Rabbinic teaching

Forwarded to me without attribution:

Rabbi Moshe Karelman, a brilliant Talmudist, and his star pupil Yeshaya are traveling to Vilna when they have to stop for the night, and pitch their tent in an empty field.

After the evening prayers Rabbi Karelman and Yeshaya retire for the evening. Some hours later, Rabbi Karelman wakes up and nudges his student. "Yeshaya, look up at the sky and tell me what you see."

"I see millions and millions of stars, Rabbi Karelman."

"And from this, what do you deduce?"

Yeshaya ponders for a minute. "Well, astronomically, this view conveys the vastness of the heavens. Chronometrically, I deduce that the time is approximately a quarter past three. Meteorologically, I suspect that we will have a beautiful day tomorrow. Theologically, I can see that God is all powerful, and that we are a small and insignificant part of His universe. What does it tell you, Rabbi Karelman?"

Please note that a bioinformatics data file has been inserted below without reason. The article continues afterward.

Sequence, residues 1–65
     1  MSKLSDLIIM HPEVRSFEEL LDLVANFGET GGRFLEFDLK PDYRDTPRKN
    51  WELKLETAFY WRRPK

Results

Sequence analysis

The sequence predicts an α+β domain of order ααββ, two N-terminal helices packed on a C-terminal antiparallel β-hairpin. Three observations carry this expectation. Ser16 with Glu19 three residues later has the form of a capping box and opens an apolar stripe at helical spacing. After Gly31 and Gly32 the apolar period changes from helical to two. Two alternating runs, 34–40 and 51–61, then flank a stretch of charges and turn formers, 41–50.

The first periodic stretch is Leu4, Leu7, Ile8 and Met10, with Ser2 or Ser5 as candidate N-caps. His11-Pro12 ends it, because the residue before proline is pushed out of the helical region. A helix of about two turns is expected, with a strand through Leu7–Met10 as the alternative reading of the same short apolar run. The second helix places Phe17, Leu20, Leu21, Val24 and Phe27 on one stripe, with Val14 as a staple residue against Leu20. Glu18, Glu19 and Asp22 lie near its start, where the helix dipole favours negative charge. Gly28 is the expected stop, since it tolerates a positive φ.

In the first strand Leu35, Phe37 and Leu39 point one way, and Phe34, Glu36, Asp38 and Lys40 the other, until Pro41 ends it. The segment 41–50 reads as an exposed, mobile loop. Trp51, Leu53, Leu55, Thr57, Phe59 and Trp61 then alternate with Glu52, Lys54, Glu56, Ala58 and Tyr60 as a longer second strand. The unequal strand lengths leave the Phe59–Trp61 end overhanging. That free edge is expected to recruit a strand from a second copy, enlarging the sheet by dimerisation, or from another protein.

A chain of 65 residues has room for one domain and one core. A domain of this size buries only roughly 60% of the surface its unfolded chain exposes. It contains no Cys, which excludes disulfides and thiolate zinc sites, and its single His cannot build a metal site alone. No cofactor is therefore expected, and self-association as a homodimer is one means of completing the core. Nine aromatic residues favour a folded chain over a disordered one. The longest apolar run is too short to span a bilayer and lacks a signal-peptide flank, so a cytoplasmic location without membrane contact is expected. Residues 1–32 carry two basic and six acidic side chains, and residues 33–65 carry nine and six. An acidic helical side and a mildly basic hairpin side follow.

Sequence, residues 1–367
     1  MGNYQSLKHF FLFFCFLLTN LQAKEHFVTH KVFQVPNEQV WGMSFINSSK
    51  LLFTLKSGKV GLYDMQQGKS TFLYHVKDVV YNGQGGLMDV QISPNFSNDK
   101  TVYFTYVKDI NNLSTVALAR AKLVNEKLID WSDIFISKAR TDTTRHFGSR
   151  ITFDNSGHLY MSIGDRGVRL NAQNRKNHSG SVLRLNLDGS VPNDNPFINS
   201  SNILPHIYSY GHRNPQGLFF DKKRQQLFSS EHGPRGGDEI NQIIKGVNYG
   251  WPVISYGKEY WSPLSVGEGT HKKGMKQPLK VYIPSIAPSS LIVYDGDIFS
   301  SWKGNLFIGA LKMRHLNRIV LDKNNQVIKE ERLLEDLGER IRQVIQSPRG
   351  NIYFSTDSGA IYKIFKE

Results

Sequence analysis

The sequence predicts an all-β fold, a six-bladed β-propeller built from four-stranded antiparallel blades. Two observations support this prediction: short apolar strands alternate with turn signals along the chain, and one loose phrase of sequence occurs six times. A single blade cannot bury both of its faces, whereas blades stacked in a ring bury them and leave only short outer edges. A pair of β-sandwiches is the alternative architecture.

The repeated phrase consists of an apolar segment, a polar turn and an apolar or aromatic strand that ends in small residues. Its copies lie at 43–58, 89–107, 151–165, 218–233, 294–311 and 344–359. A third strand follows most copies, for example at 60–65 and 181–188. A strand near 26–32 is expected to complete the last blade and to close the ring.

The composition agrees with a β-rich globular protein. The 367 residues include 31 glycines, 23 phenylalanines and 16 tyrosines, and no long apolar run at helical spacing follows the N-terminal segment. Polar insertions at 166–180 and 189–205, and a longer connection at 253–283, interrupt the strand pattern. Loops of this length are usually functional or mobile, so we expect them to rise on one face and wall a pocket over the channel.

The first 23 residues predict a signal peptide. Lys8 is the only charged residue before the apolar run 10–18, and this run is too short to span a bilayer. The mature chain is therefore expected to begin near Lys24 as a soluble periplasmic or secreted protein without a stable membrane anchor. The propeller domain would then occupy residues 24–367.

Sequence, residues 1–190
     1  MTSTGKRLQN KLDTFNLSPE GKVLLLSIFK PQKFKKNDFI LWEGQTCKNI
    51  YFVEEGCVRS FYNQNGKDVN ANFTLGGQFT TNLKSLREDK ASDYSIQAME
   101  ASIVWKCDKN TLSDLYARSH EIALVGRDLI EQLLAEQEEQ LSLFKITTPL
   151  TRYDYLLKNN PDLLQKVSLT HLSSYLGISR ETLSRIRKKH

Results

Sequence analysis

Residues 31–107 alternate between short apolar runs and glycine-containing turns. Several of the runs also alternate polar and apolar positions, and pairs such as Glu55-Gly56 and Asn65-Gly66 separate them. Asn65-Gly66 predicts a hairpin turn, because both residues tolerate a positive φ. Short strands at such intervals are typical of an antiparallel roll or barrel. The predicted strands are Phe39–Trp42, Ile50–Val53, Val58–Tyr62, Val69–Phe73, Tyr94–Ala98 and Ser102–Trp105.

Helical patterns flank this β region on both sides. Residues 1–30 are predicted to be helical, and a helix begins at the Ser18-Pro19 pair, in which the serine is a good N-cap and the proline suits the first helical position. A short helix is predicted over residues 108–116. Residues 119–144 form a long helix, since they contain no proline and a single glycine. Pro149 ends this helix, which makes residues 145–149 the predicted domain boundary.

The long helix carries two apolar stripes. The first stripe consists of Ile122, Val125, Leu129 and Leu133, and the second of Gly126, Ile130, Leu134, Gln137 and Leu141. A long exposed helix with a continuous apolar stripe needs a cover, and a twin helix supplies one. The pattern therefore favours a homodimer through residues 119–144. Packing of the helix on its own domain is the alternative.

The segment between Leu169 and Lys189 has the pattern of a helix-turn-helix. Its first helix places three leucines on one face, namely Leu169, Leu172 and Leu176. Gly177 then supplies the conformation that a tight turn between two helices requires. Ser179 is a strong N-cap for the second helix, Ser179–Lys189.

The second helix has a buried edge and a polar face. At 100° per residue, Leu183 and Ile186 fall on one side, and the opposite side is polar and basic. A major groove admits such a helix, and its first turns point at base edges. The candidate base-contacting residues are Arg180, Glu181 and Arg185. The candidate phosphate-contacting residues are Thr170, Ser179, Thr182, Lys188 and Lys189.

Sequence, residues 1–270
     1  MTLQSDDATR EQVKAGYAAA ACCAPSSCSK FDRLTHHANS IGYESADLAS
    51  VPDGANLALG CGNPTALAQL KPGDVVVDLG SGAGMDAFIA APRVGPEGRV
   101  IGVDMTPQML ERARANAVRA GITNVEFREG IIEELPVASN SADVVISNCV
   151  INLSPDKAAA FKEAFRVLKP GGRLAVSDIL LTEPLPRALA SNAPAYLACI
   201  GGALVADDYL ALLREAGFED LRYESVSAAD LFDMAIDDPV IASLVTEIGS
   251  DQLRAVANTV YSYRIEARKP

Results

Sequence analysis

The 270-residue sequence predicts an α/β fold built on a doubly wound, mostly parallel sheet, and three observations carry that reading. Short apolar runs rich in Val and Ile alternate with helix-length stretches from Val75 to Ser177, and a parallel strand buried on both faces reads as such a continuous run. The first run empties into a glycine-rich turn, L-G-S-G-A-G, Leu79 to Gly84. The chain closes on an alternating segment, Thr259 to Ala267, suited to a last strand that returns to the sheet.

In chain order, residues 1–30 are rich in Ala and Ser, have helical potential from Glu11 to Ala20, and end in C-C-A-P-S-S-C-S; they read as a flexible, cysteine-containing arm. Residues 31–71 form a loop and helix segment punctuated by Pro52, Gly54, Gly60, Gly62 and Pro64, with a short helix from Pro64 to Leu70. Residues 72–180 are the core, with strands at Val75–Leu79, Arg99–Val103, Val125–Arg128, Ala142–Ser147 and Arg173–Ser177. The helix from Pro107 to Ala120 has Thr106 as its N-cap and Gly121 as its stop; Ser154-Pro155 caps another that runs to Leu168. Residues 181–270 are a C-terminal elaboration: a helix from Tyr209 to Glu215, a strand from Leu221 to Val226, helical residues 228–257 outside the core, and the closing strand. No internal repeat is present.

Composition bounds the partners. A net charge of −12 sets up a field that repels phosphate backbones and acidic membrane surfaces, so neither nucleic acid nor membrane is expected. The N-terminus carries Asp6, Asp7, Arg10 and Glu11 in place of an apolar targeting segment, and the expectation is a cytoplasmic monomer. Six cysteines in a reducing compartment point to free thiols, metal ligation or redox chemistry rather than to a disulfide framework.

"It tells me that someone has stolen our tent."

I've seen variations on this before, but this is the most thorough answer from the student I've seen in any of those tellings.

A comment notes that this is often attributed to Sherlock Holmes and Dr. Watson.